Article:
Whole Grain German-Style Bread


Alisa Fleming ~ With the economy in what seems to be a neverending tailspin, I have seen many, many people turning to home-baked bread. I’m fortunate to have a bit of head start in this department. This whole grain bread recipe is just one of the many I have mixed, kneaded, and baked over the years.

Years ago, finding dairy-free loaves of bread in the stores was no easy feat; most contained milk in some form, whether it was milk powder, whey, butter, cream, or plain old nonfat milk. Not willing to give up sandwiches and toast, I started baking bread from scratch, constantly in pursuit of the perfect whole grain bread recipe. Since those early days, some good brands of bread have emerged which are in fact dairy-free, but I stick to homemade. Both my husband and I agree that it tastes infinitely better, and it is still much less expensive. Plus, it gives me control over the ingredients used.

When you are first starting out, baking bread can seem intimidating, but recipes like this one are so simple that you will wonder why you didn’t begin baking your own bread long ago.

Vegan German-Style Whole Grain Bread Recipe - Spelt or Whole Wheat

Whole Grain German-Style Bread
Prep time
Cook time
Total time
I adapted this recipe previously from Food.com. It quickly became a favorite, taking me back to my college days in Vienna, Austria. The hearty texture and unique ”tang” from the vinegar makes my kitchen smell like the old-school bakeries (or Bäckerei in German) that I popped into daily on my way to German class.
Serves: 12 hearty slices / 1 9x5 loaf
  • 2 Cups Warm Water
  • 3-1/2 Teaspoons Active Dry Yeast (just over 1-1/2 .25-ounce packages will do)
  • 5-1/4 Cups Whole Wheat or Whole Spelt Flour (or a combination of the two)
  • 2-1/2 Teaspoons Salt
  • 2 Tablespoons White or Apple Cider Vinegar
  • 1 Cup Seeds (I use ⅓ cup each of sunflower, pumpkin, and flax seeds)
  1. In a large mixing bowl, dissolve the yeast in about ½ cup of the water (no need to be exact, you will be adding the rest of the water shortly).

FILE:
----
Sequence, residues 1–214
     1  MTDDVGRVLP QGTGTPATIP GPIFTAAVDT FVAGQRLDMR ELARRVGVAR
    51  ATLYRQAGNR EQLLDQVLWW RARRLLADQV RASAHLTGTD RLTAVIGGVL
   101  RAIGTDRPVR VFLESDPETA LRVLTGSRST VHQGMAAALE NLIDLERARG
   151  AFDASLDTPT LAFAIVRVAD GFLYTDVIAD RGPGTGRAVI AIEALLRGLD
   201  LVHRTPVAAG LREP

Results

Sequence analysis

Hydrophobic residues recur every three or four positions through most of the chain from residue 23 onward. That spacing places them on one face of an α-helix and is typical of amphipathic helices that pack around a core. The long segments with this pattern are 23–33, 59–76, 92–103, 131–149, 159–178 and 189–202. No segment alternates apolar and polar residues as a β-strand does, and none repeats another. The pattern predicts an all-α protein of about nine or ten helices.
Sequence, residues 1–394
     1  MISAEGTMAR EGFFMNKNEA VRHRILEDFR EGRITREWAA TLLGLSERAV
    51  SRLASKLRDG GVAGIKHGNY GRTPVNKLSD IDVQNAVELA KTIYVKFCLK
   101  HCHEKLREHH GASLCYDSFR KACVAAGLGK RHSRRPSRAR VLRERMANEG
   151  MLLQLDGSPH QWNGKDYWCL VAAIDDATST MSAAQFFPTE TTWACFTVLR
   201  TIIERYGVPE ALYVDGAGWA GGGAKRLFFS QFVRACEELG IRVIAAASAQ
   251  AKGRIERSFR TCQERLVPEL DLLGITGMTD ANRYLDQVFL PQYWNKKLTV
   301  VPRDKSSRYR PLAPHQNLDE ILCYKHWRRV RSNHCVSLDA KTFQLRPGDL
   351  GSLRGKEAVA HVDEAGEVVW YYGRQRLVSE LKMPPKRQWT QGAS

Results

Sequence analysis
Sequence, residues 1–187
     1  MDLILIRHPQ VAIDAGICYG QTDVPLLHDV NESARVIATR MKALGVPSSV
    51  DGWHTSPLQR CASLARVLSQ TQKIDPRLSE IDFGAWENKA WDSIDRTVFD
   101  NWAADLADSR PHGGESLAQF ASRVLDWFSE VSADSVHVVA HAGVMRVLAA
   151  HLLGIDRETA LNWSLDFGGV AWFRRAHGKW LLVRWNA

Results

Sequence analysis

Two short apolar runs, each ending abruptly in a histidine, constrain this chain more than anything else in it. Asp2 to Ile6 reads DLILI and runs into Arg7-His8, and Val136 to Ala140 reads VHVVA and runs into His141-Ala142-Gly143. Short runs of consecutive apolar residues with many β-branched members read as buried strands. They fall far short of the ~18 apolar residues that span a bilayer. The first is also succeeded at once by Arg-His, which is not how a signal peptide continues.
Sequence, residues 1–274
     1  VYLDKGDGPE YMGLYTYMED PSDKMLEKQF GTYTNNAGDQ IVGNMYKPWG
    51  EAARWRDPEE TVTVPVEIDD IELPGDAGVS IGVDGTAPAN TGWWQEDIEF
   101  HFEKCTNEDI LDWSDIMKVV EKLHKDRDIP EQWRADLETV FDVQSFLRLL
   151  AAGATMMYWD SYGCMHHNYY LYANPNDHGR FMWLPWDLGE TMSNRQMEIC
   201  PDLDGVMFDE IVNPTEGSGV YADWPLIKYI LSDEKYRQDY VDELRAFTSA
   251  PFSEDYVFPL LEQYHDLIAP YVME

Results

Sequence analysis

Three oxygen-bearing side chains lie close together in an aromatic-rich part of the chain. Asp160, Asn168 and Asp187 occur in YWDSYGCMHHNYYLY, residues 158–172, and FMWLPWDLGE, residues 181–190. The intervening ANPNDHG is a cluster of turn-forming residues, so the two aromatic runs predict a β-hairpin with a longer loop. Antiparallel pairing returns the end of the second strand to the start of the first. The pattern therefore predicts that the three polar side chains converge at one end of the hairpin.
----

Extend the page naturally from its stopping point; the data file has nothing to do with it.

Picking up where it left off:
2. Let that rest for a few minutes while you grease a 9 x 5 inch loaf pan.
  3. Sift the flour and salt into the bowl. Add all remaining ingredients (rest of the water, vinegar, and seeds), and mix until a relatively smooth dough is formed. Mine was still a touch sticky, but still able to be handled and formed without completely sticking to my fingers.
  4. Form the dough into a loaf shape that will fit end to end in your pan. I just sort of shape it, and then roll it a few times on the counter to make it look a little nicer and be the right length.
  5. Lightly cover the loaf with saran wrap or a tea towel, and let it rise in a relatively warm, draft-free place, for about an hour to an hour and a half. It should double in size and fill out the pan nicely.
  6. Preheat your oven to 480ºF (250ºC). Bake the loaf for 15 minutes, reduce the heat to 390ºF (200ºC), and bake it for another 45 minutes.
  7. Remove the loaf from the pan (it should pop right out), and knock on the bottom. If it genuinely sounds hollow, then it is done. If you think it needs a little more time, pop it back in the oven and bake it for longer as needed. My loaf was done after the initial hour, but you may need another 10-20 minutes, depending on moisture and such.
Humidity and altitude do affect the rise with bread baking. Higher altitudes will yield loaves that rise quickly and to boisterous heights, while humid climates will produce a more moist bread. Adjust the moisture level of the dough and the rising time to accomodate for these environmental differences as needed.

This recipe is Vegan, Vegetarian, Dairy free, Egg free, Nut free, Peanut free, Soy free, Sugar free, and Low fat.

About Author

Alisa is the founder of GoDairyFree.org, Senior Editor for Allergic Living magazine, and author of the best-selling dairy-free book, Go Dairy Free: The Guide and Cookbook for Milk Allergies, Lactose Intolerance, and Casein-Free Living. Alisa is also a professional recipe creator and product ambassador for the natural food industry.


  1. Hi, i’m really looking forward to tasting this – just got it out of the oven! I am wondering if this recipe could be used in a breadmaker? I’m thinking, put it on a timer overnight and have it ready in the morning? Thanks in advance!

  2. Pingback: Wholemeal bread with pumpkins seeds | What Catherine ate next

  3. Delicious! We’re enjoying a piece right now, fresh out of the oven. I have been wanting to start making bread instead of buying it, but it seemed to complicated. Your recipe was easy and came out great! The crust is a bit hard on mine though, is that normal? Either way, I’ll be making this many more times! Thank you for sharing! 🙂

    • That’s awesome! So glad you are enjoying it Bianca. Yes, some whole grain breads have a thick crust. I like them this way. But you can soften them a bit by basting with a little oil or margarine prior to baking and/or just as you remove it from the oven (while still hot).

  4. Hi Alisa – sorry if this is a silly question, I have never made bread before. May I ask what you use to grease the pan?

  5. I just made this without the seeds, and it’s delicious. I was worried that the bread would be dry since there is no added fat, but it’s quite moist. I’m serving the bread tonight with homemade potato soup! Yum.

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